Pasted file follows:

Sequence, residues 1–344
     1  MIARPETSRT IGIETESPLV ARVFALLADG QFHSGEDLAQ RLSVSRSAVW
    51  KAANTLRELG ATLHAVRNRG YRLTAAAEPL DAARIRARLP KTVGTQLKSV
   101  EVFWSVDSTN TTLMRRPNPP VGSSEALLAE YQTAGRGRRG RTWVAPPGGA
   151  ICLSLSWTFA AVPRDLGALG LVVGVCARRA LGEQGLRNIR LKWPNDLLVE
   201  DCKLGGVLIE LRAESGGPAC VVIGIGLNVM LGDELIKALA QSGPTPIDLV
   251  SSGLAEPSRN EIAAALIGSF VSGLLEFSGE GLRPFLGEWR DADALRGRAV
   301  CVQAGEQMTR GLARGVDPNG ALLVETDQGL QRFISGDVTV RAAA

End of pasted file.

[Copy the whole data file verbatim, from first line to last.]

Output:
Sequence, residues 1–344
     1  MIARPETSRT IGIETESPLV ARVFALLADG QFHSGEDLAQ RLSVSRSAVW
    51  KAANTLRELG ATLHAVRNRG YRLTAAAEPL DAARIRARLP KTVGTQLKSV
   101  EVFWSVDSTN TTLMRRPNPP VGSSEALLAE YQTAGRGRRG RTWVAPPGGA
   151  ICLSLSWTFA AVPRDLGALG LVVGVCARRA LGEQGLRNIR LKWPNDLLVE
   201  DCKLGGVLIE LRAESGGPAC VVIGIGLNVM LGDELIKALA QSGPTPIDLV
   251  SSGLAEPSRN EIAAALIGSF VSGLLEFSGE GLRPFLGEWR DADALRGRAV
   301  CVQAGEQMTR GLARGVDPNG ALLVETDQGL QRFISGDVTV RAAA